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Reminder! It’s Enrollment Time For The Affordable Care Act

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Here are the important dates again:

November 1, 2015: Open Enrollment starts — first day you can enroll in a 2016 Marketplace plan

January 1, 2016: First date 2016 coverage can start

January 31, 2016: 2016 Open Enrollment ends

**If you don’t enroll in a 2016 plan by January 31, 2016, you can’t enroll in a health insurance plan for 2016 unless you qualify for a Special Enrollment Period.

What is my penalty for not having insurance?

For those willing to live without health insurance, next year may be the tipping point at which your money is better spent on a policy than a penalty.  The expectation is the penalty will be almost double.

2015

The penalty for not having health insurance in 2015 is $325 per adult and $162.50 per child under 18 (with a total family maximum of $975, regardless of family size), or 2% of your annual household income, whichever is higher.

Only the amount of income above the tax-filing threshold (about $10,150 for an individual) counts toward the percentage calculation of the penalty.

2016

In 2016, the penalty jumps to $695 per adult and $347.50 per child under 18 (with a family maximum of $2,085), or 2.5% of your annual household income above the tax-filing threshold, whichever is larger. (You pay the fee on the federal income tax return you file for the year you don’t have coverage.)

deadline ahead MEDICARE

Initial Enrollment

During the 7-month period that starts 3 months before the month you turn 65, includes the month you turn 65, and ends 3 months after the month you turn 65. Your coverage will begin the first day of the month after you ask to join a plan. If you join during one of the 3 months before you turn 65, your coverage will begin the first day of the month you turn 65.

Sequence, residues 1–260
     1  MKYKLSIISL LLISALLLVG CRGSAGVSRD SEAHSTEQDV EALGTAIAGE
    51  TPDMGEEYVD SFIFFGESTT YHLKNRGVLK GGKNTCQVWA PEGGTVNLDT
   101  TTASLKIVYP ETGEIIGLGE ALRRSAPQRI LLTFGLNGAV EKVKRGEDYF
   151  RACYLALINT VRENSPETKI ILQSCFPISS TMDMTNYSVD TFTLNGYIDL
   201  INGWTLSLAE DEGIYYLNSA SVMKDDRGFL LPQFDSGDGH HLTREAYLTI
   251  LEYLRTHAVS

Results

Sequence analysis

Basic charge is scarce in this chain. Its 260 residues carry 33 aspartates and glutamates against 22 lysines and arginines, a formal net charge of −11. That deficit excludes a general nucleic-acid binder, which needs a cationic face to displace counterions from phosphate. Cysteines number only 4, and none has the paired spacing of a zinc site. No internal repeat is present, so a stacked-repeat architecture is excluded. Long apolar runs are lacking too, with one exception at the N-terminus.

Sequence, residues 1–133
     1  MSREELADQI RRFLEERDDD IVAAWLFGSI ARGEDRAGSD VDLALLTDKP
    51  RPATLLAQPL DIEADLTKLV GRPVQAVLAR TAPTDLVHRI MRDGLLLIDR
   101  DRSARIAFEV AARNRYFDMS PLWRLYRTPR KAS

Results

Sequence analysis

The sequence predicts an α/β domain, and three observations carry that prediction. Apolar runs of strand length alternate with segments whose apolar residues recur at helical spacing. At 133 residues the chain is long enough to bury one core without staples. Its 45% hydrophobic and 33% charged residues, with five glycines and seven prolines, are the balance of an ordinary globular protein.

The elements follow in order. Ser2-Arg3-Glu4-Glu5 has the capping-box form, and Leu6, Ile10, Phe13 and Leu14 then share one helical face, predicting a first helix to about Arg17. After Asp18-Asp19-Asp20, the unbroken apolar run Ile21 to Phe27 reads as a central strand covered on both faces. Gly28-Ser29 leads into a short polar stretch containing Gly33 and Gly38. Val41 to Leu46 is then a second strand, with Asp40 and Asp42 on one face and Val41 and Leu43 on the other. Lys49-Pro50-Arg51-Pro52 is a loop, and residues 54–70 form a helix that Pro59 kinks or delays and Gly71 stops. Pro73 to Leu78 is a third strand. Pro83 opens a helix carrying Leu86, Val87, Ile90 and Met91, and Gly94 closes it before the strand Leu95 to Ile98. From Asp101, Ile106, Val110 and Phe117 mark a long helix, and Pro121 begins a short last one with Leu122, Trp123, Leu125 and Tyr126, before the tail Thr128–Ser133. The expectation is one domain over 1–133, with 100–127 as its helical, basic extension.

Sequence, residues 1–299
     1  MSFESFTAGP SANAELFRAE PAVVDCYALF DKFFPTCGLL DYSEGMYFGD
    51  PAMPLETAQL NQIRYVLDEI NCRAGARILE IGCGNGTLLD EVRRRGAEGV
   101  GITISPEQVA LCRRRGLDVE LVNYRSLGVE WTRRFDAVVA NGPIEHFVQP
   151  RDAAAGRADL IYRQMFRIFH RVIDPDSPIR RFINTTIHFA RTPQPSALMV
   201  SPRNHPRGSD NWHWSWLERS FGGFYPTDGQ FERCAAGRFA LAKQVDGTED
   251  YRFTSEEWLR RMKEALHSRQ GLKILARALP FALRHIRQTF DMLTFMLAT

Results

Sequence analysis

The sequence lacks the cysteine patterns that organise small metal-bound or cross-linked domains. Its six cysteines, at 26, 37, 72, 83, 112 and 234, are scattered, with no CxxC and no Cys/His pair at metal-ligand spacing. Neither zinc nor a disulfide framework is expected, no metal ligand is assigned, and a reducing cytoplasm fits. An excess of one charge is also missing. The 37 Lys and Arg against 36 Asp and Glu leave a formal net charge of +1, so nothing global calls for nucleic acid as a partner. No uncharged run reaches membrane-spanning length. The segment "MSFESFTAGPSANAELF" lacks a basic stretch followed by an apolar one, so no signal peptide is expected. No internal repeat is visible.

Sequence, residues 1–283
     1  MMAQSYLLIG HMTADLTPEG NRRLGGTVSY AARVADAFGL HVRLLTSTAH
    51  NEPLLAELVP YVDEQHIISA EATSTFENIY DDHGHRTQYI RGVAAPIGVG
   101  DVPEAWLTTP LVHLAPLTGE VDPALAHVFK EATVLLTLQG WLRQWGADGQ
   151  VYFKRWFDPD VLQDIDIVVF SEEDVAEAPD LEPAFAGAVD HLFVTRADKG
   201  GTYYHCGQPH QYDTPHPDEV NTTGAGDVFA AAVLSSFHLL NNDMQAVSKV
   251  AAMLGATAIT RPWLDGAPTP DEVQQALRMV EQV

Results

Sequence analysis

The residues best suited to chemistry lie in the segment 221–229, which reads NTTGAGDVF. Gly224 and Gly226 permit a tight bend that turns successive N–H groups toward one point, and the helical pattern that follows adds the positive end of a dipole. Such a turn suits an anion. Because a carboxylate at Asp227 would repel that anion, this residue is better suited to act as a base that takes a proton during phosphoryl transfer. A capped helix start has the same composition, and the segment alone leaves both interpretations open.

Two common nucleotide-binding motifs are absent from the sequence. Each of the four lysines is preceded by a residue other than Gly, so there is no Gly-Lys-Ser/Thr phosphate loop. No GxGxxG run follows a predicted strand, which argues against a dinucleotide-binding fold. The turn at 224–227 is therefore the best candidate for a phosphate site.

Open Enrollment

For those already in the system but would like to make changes:

October 15–December 7.

Special Enrollment

You can make changes to your Medicare Advantage and Medicare prescription drug coverage when certain events happen in your life, like if you move or you lose other insurance coverage. These chances to make changes are called Special Enrollment Periods (SEPs). Rules about when you can make changes and the type of changes you can make are different for each SEP.

Typically, these SEPs give you a 60 day window to enroll.

 I know I’m repeating myself. It bears repeating. The American public is not used to these sorts of restrictions on purchasing, so I want to make sure what happened to me doesn’t happen to you. Don’t get caught without insurance and have to wait until next year’s enrollment!

As always, thanks for reading.

—E. A. Cooke

To learn more about commonly misunderstood insurance terms and other insurance topics subscribe to the Avanti Reader via RSS, follow Avanti Business and insurance Services on Facebook or Twitter (@AvantiInsurance) to receive notifications of future posts.

 

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HAPPY VETERAN’S DAY

More than most holidays, I celebrate this day in my heart.  It gives me chills to think of the sacrifices made on my behalf.  While I become more jaded with age, still I feel the same thrill I felt as a child when I see an American flag waving.

American Flag

My father was a Lieutenant in the Army Air Corps during WWII. My husband served in the Air Force before the Gulf War. I have Marine cousins, Army cousins and friends in the Army and Navy.

I feel very lucky to live in a country with an all-volunteer military. It wasn’t always that way, of course. I was very young when my brother received his draft card for Vietnam. We were still grateful for our military men in those days, but they weren’t all volunteers.